Larry Burton / Zuma Press / NewscomLarry Burton / Zuma Press / NewscomIn response to a backlash against her bill imposing a nationwide seven-day limit on initial prescriptions of opioids for acute pain, Sen. Kirsten Gillibrand (D-N.Y.) suggests she is open to changes that would address the concerns raised by critics. Gillibrand's acknowledgment of the criticism is encouraging, but her response seems confused, wrongheaded, and disingenuous.

"I want to get this right," the presidential contender writes on Medium, "and I believe that we can have legislation to help combat the opioid epidemic and the over-prescription of these powerful drugs without affecting treatment for those who need this medication. I fundamentally believe that all health care should be between doctors and patients, and this bill is not intended to interfere with these decisions but to ensure doctors prescribe opioids with a higher level of scrutiny, given their highly addictive and dangerous effects."

If "legislation to help combat the opioid epidemic" includes an arbitrary limit on the length of these prescriptions, there is no way that it won't affect "treatment for those who need this medication." It is impossible to reconcile such a one-size-fits-all rule, which doctors would have to follow if they want to legally prescribe controlled substances, with Gillibrand's avowed commitment to not "interfere" in the doctor-patient relationship. Her bill, which is co-sponsored by Sen. Cory Gardner (R-Colo.), is designed to interfere in that relationship and to override physicians' medical judgment. If it did not do that, there would be no point to it.

To be fair to Gillibrand, she did not invent the seven-day rule, which at least a dozen states have imposed in the last few years, according to a tally by National Conference of State Legislatures. Several others have imposed shorter limits. Legislators in Arizona, New Jersey, and North Carolina have decreed that five days is plenty; Minnesota settled on four; and Florida and Kentucky say three, which is the national rule that Sen. Rob Portman (R-Ohio) proposed last year, prompting criticism from the American Medical Association. Medicare began enforcing a seven-day limit at the beginning of this year.

These legislators and bureaucrats all seem to be taking their cue from the opioid prescribing guidelines that the U.S. Centers for Disease Control and Prevention (CDC) published in March 2016. "When opioids are used for acute pain," the CDC says, "clinicians should prescribe the lowest effective dose of immediate-release opioids and should prescribe no greater quantity than needed for the expected duration of pain severe enough to require opioids. Three days or less will often be sufficient; more than seven days will rarely be needed." Legislation like Gillibrand's takes this advice and makes it mandatory, while ignoring the qualifications. Saying that three days is "often sufficient" obviously does not mean it is always sufficient, and even if more than seven days is "rarely" needed, it sometimes is.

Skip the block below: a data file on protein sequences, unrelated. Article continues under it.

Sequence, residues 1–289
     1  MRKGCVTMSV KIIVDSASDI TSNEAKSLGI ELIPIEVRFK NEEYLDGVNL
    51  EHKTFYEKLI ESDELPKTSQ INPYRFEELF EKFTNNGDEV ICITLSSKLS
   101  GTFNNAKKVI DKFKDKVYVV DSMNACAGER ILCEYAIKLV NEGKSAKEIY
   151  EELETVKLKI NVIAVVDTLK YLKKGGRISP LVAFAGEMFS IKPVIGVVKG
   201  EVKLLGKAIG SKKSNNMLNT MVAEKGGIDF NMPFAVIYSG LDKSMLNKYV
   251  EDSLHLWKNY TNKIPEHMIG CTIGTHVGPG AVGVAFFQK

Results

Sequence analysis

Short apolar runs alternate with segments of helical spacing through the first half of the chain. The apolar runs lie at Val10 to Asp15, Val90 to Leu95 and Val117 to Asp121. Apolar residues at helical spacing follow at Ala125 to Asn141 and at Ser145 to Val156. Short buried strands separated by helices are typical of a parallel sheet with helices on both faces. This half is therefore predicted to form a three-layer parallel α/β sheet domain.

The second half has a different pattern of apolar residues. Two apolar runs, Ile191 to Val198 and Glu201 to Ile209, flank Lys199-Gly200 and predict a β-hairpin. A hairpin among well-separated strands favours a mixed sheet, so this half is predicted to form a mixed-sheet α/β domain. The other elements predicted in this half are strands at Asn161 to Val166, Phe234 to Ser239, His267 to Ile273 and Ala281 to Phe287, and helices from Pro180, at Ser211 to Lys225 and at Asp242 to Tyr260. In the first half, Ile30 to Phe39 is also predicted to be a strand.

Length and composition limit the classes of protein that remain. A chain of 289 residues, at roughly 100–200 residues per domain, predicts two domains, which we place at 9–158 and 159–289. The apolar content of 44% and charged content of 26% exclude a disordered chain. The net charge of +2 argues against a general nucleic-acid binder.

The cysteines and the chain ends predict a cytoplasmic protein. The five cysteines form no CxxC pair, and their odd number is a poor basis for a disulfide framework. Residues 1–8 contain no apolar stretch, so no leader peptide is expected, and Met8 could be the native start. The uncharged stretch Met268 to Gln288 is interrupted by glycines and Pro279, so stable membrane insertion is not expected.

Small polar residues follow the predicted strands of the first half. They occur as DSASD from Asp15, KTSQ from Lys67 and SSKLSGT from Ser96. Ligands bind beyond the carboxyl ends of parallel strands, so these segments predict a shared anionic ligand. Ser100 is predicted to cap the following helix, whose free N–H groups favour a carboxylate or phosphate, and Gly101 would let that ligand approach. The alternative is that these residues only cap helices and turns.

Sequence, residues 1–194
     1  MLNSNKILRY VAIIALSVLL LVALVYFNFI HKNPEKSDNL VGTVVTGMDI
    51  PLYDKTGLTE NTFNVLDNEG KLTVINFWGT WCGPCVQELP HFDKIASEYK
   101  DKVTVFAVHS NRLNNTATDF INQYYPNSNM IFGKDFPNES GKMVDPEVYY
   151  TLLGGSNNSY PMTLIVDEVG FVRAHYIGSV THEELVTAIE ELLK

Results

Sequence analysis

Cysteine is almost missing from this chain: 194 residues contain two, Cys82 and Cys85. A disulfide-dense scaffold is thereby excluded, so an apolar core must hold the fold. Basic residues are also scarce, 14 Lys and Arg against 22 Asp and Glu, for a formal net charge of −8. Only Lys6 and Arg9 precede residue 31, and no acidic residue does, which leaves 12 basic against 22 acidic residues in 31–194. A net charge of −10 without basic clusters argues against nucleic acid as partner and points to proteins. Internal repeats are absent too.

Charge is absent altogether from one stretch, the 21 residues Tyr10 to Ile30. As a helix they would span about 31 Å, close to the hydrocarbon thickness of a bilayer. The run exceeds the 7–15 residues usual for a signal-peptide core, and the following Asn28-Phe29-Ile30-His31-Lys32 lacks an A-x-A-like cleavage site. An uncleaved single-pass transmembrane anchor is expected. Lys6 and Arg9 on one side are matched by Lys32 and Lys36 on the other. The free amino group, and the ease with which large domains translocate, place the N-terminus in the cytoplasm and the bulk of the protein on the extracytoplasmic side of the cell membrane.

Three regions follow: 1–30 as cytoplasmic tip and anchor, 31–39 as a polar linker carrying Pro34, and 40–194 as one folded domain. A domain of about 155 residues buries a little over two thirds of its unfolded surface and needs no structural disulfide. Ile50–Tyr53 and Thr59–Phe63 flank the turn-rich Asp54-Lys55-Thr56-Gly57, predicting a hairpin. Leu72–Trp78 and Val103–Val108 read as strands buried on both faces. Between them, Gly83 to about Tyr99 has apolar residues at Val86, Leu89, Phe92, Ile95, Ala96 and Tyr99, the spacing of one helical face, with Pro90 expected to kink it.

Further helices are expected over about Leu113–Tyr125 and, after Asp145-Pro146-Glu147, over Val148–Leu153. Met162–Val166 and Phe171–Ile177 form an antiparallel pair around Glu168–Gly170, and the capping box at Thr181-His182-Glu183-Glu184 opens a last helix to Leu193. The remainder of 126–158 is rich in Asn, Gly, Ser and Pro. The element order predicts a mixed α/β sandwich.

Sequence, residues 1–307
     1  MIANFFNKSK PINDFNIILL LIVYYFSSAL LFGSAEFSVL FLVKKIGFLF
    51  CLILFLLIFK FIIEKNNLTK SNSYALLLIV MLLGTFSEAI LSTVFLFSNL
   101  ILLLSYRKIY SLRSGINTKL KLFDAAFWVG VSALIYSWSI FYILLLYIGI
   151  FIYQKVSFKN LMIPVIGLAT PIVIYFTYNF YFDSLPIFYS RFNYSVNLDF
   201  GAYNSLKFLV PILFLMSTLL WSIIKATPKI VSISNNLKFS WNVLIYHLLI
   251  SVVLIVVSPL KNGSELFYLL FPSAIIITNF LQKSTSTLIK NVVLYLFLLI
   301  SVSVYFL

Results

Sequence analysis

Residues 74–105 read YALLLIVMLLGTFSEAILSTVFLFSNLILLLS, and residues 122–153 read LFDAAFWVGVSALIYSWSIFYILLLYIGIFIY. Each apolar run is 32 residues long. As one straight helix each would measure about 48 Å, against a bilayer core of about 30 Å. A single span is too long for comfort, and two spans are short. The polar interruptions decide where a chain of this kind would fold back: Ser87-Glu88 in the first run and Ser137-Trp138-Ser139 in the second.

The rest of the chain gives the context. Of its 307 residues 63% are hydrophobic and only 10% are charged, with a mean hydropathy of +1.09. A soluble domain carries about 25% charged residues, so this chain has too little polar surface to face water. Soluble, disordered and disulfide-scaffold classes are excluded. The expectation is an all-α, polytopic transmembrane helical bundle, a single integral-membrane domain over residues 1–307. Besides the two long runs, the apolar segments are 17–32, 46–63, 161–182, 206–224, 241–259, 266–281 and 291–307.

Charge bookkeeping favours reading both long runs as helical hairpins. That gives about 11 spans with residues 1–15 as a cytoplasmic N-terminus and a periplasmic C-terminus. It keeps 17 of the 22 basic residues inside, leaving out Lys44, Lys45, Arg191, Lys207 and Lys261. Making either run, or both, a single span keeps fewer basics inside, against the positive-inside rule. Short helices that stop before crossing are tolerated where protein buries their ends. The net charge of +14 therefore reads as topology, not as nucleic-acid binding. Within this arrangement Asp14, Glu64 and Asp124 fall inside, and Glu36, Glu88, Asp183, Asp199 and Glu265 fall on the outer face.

A study reported last year in JAMA Surgery found that the prescription length associated with the lowest probability of a refill was nine days for general surgery, 13 days for women's health procedures, and 15 days for musculoskeletal procedures. "In practice," the researchers concluded, "the optimal length of opioid prescriptions lies between the observed median prescription length and the early nadir," i.e., the point where a refill was least likely.

That rule of thumb would put the optimal prescription length between four and nine days for general surgery, between four and 13 days for women's health procedures, and between six and 15 days for musculoskeletal procedures. "Although 7 days appears to be more than adequate for many patients undergoing common general surgery and gynecologic procedures," the researchers wrote, "prescription lengths likely should be extended to 10 days, particularly after common neurosurgical and musculoskeletal procedures, recognizing that as many as 40% of patients may still require 1 refill at a 7-day limit."

There is no dispute that doctors sometimes prescribe more pain medication than patients end up needing, and leftover pills from those prescriptions may be diverted to nonmedical use (or saved in case they are needed for another painful condition, which the government still considers "misuse," although someone who takes a pill originally prescribed after oral surgery when he throws out his back would probably disagree with that characterization). Bills like Gillibrand's force doctors to err in the opposite direction, which means some patients will suffer from pain that could have been relieved. And even if some of those patients manage to get additional prescriptions, the upshot could be that more pills are prescribed than otherwise would have been: two seven-day prescriptions, say, instead of the 10 days that would have sufficed.

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In What We Do in the Shadows, Sometimes Being a Vampire Sucks: New at Reason

Cult comedy film becomes an FX series.